It sounds simple, but this is something we often ignore. There might have been a strong initial interest to collaborate, which is especially visible in proposals, but this doesn’t always mean that people are willing to commit to collaboration in the long run. Especially for researchers, it is sometimes difficult to share work in progress before the final results are ready to be published. It can also be seen outside of people’s “core” responsibilities and is not sufficiently taken into account in planning and budgeting. Being realistic about these challenges can help in ensuring appropriate incentives for collaboration.

2. Understand and create incentives for participation

One size doesn’t fit all. The most common incentive is still financial but sometimes it is insufficient or simply inappropriate. Understanding what drives organisations and individuals can help establish a more meaningful incentive system. We recommend conducting a review of incentives at the beginning of the collaboration to better understand what motivates different partner organisations and the individuals within them.

3. Set learning priorities and realistic outcomes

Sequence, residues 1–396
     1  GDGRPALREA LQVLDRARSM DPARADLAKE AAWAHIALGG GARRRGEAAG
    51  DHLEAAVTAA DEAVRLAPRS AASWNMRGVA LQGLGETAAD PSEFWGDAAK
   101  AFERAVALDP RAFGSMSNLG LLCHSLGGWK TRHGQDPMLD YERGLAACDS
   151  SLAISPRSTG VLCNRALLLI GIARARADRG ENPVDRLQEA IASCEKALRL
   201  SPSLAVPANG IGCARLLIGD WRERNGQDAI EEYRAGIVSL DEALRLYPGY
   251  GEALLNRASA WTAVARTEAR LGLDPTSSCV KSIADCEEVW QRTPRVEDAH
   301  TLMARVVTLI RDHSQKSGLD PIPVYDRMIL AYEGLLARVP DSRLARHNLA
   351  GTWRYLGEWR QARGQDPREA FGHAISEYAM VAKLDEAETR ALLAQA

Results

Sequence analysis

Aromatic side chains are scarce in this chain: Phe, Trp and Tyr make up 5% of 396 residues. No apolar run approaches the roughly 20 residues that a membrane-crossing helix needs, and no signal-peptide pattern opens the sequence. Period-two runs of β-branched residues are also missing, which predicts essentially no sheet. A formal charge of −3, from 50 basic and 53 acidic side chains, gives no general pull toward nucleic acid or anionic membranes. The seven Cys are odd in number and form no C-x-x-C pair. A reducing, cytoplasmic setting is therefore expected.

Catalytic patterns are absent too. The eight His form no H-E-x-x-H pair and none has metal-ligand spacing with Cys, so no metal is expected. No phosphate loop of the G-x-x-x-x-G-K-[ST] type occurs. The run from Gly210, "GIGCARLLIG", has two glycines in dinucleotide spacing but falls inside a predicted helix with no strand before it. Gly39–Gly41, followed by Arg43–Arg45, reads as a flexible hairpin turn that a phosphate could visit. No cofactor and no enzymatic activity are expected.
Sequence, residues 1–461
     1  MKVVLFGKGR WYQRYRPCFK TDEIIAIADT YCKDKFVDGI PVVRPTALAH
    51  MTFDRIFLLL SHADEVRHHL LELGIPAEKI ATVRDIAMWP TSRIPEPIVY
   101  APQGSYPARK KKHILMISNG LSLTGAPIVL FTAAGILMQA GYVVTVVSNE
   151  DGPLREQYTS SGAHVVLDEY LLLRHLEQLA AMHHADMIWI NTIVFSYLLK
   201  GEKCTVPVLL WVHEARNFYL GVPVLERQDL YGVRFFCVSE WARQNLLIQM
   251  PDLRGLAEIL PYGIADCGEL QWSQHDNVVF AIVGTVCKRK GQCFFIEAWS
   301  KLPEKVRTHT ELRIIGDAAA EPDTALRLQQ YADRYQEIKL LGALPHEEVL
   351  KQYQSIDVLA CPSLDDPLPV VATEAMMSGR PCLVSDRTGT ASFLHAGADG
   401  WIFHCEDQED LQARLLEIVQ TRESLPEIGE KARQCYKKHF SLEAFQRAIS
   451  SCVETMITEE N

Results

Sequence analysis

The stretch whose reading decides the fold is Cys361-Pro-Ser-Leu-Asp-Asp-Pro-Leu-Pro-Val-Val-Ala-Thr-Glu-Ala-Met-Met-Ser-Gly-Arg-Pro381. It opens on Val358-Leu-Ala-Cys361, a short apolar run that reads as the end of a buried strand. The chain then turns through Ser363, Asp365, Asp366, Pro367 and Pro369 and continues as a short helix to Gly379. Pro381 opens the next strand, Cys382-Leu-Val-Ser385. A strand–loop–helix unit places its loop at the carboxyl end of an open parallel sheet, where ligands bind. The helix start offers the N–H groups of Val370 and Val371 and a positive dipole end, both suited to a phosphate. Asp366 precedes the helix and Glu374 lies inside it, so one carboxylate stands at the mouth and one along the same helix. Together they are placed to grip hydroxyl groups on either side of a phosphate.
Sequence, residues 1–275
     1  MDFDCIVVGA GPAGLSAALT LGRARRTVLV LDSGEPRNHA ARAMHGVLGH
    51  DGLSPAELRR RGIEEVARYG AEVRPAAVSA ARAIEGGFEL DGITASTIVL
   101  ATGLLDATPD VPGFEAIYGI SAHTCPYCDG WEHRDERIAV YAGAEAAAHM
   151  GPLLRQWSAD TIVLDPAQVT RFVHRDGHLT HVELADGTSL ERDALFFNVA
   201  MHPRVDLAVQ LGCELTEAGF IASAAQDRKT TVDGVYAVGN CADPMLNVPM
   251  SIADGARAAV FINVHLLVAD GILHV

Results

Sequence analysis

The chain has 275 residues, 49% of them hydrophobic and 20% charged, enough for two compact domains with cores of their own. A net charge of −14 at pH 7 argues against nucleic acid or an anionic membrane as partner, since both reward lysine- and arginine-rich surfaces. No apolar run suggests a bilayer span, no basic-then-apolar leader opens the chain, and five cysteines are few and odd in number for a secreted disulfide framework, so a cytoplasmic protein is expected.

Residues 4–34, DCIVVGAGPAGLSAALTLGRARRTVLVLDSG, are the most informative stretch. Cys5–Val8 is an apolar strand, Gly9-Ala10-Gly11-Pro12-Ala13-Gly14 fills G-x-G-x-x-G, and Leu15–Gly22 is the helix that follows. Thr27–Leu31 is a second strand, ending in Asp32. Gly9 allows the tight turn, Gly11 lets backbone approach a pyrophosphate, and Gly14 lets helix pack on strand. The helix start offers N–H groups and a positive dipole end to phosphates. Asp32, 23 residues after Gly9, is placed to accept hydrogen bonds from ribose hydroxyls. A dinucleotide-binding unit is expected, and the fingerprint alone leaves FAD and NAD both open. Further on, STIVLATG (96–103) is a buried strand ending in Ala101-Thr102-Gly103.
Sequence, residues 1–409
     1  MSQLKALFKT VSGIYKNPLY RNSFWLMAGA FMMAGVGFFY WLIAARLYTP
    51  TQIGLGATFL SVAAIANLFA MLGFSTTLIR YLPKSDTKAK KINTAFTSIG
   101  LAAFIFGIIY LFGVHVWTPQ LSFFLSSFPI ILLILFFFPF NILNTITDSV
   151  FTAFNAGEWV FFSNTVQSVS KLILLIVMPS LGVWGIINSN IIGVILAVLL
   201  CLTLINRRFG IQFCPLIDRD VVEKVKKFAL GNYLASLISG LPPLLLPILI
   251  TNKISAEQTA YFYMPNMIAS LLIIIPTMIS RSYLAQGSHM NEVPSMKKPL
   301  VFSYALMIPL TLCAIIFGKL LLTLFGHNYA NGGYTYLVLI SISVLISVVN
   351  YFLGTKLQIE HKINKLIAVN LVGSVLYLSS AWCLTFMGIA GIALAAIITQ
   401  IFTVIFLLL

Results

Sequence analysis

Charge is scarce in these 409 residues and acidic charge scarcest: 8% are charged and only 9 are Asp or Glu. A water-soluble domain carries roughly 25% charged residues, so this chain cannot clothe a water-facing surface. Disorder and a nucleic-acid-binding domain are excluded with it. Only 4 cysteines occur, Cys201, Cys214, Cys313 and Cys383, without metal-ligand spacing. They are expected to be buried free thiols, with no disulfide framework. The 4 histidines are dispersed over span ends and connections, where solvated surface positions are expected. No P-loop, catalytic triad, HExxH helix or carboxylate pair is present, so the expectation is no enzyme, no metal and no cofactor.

The challenge is to strike a balance between what is possible and what is feasible. It may be difficult but there’s real value in trying to be realistic and setting limits on what can be achieved through engaging in learning processes. Over-promising or setting up overly ambitious systems can have a negative impact on learning. This is especially true if partners become demotivated by demanding systems that don’t align with their views of where their energy should be invested.

Based on our experiences, participants are more motivated to engage in learning and reflection processes if they trust – and see – that it can it lead to meaningful action. This calls for management to take learning processes and their outcomes seriously.

4. Engage early and intensively in setting up learning processes

Setting up learning processes in large multi-project programmes can take a significant amount of time (as long as a year in some cases) and resources but is crucial to ensure buy-in. This investment is especially important if we expect that the programme norms and approaches are not aligned with the norms of participating institutions. For example, there might be some conflicting, underlying values in collaborative and transdisciplinary research involving advocacy-based NGOs, research-intensive universities and policy-oriented think tanks. Thus, it is critical to invest time and resources early on to establish the sense of connection and trust that can sustain meaningful investments in learning processes.

5. Promote collective ownership of learning agendas

Without a sense of collective ownership, learning in large programmes easily becomes fruitless. Sometimes partner organisations are encouraged to each “own” their respective areas of focus in the collective agenda. However, this may create organisational silos that restrict wider learning and exchange. Cross-programme working groups on key themes can strengthen the integration and development of collective ownership across partner organisations.